LEGISLATION IN 2015 & ONGOING LEGISLATION
HOUSE BILL 100
Pending in June 2016.
Click here for factsheet in English.
Click here for factsheet in Spanish.
HOUSE BILL 318
Passed Sep. 29, 2015, this harmful legislation would undermine local government authority and restrict the powers of the state's Executive branch as well. Among House Bill 318's most troubling provisions: restrictions on how local governments address their own needs when it comes to immigrant communities; and restrictive limits on jobless workers' ability to receive food aid during times of economic downturn or in parts of North Carolina that face persistent labor market distress.
At a time when it is increasingly clear that immigrant communities provide important entrepreneurial contributions to main streets, support regional resiliency, and work at many vital occupations across the state, it's counterproductive to limit the ability of local governments to introduce common sense measures that support immigrant integration. Further, the bill is damaging to community safety in that it will make victims and witnesses to crime less willing to interact with the police, and take away tools from law enforcement that are proven to enhance community trust.
The impact of the Supplemental Nutritional Assistance Program, the program formerly known as food stamps, is also at risk due to HB 318. SNAP is designed to help ensure people have access to food in time of need. Though there are time limits on how long childless adults can receive SNAP, current federal law permits the Governor to waive these limits when economic conditions do not provide employment opportunities, a condition that allows 77 counties to qualify for the waiver today. HB 318 would permanently prevent the Executive branch from waiving these time limits during an economic recession, or for counties facing dramatic job losses. Jobless workers who become unemployed through no fault of their own would be unable to receive essential food aid for their families.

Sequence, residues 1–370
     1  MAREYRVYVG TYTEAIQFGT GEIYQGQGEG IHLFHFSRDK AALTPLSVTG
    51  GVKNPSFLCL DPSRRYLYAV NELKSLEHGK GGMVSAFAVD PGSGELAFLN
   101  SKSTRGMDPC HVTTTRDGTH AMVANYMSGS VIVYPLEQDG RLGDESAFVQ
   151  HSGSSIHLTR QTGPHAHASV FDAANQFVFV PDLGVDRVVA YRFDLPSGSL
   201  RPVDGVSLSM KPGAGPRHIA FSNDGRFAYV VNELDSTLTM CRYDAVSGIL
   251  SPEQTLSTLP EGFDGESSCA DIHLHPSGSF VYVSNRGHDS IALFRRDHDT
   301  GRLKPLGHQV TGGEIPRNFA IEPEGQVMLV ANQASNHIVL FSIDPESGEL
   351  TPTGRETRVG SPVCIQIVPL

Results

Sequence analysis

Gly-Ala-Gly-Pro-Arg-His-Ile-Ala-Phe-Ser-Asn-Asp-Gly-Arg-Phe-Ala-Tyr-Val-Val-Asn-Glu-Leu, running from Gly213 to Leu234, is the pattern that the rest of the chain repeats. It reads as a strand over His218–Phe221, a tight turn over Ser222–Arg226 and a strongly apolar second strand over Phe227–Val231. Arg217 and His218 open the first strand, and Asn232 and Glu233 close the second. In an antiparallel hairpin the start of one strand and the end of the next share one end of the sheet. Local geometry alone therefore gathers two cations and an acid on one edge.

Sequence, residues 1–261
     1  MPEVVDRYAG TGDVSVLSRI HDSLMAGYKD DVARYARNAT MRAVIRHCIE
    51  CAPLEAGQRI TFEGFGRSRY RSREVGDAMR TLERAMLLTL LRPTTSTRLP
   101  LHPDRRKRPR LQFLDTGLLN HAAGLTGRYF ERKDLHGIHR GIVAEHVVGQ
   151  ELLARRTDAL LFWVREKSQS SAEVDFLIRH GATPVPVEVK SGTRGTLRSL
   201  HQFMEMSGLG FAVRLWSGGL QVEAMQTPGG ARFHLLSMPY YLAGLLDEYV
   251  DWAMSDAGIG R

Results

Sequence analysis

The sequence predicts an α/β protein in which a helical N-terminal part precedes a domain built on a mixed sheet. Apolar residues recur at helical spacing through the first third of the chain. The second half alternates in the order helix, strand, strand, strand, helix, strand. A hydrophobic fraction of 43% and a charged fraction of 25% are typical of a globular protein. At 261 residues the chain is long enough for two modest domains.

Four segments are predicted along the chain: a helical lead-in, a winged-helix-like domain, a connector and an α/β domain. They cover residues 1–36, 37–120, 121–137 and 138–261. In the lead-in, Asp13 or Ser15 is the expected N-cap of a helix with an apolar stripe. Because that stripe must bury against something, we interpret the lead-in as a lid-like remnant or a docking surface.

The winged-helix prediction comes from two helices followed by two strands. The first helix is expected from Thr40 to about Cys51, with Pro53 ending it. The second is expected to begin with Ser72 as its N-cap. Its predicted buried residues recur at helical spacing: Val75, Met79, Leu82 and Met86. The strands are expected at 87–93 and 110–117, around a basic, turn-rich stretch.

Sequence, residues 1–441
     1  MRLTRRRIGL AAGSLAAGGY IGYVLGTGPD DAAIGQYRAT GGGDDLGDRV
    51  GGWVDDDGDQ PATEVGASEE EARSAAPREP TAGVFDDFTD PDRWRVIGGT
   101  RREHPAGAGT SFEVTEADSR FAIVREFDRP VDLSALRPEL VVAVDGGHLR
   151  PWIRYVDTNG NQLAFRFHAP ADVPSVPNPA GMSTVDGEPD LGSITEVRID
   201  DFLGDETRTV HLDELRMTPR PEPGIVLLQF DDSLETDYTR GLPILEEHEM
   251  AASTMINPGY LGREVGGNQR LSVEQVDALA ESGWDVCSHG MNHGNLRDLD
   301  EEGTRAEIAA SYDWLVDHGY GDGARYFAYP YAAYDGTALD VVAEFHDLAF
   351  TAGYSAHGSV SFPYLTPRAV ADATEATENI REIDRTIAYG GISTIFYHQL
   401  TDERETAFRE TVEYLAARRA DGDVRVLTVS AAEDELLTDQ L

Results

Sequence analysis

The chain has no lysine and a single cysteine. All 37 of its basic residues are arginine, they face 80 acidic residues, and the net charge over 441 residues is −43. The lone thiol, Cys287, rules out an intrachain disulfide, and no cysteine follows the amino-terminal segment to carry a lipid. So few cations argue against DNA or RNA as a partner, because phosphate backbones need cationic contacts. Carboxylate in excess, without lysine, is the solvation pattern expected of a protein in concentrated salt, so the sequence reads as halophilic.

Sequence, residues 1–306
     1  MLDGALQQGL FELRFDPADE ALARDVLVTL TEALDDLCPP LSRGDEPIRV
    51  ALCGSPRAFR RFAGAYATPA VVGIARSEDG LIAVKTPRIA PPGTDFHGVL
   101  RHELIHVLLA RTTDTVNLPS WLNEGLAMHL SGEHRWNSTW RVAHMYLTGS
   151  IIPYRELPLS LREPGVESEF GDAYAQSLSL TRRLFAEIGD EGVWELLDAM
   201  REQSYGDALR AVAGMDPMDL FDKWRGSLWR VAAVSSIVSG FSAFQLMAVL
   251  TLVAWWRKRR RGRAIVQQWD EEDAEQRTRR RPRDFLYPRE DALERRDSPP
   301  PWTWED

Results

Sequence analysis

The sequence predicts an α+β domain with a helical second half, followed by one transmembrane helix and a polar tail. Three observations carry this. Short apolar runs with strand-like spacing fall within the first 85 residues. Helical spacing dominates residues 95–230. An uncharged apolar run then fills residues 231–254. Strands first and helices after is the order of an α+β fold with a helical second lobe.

HB 318 In the News
HIGHWAY SAFETY/CITIZENS PROTECTION ACT
NC House Bill 328 was introduced by Rep. Harry Warren on March 23, 2015.
TUITION EQUALITY LEGISLATION
The North Carolina Justice Center supports in-state tuition for all qualified college and university students in North Carolina, regardless of immigration status. Please see information below about what tuition equity legislation would mean for our students and our state.
All North Carolina students should have the opportunity to continue their education so they can gain the skills that will boost their careers and help modernize the state’s economy. However, North Carolina requires undocumented immigrant students to pay expensive out-of-state tuition, which is nearly 300 percent higher on average.
Media Release: Tuition equity bill would improve educational opportunities, future growth for North Carolina (March 31, 2015)
Budget & Tax Center Brief: "TUITION EQUITY: Expanding College Opportunity and Paving the Way for North Carolina’s Economic Future" (June 2014)
Media Release: Tuition equity for undocumented students furthers education and boosts economy (June 20, 2014)
While a significant comprehensive immigration reform bill has passed the US Senate, progress is currently stalled in the US House. You can urge your Representative to reject punitive proposals that criminalize immigrants (like the un-SAFE Act) in favor of fair and humane legislation that creates a roadmap to citizenship and keeps families together. Take Action NOW.
Immigrants and refugees living in North Carolina may have questions about how the new Federal healthcare law (the Patient Protection and Affordable Care Act, also known as "Obamacare") will affect them and their families. A good explanation can be found in the NC Justice Center's new factsheet, which presents detailed information in an easy-to-read Question-and-Answer format. Available in English, Spanish, Chinese (coming soon), Korean (coming soon), and Vietnamese (coming soon).
House Bill 786, the "RECLAIM NC" Act, is an Arizona copycat bill that would increase racial profiling and serves as a comprehensive immigration enforcement bill for NC. The Justice Center OPPOSES this bill. It would require undocumented immigrants to get a driving permit or state ID card, but won't make them available to all, as the legislation establishes criteria to qualify for a permit that will be difficult for many immigrants to meet. Though lawmakers behind the bill, including Rep. Harry Warren, claim this is a balanced bill about targeting serious criminals, it is filled with punitive provisions aimed at immigrants and could end ultimately end up harming the state as a whole. Read more here...
The Justice Center SUPPORTS House Bill 904, The In-State Tuition/Some N.C. Immigrant Youth Act, which would allow all young people who have graduated from North Carolina high schools and lived in the state for at least two years to pay the in-state tuition rates at our public colleges and universities. Read more here...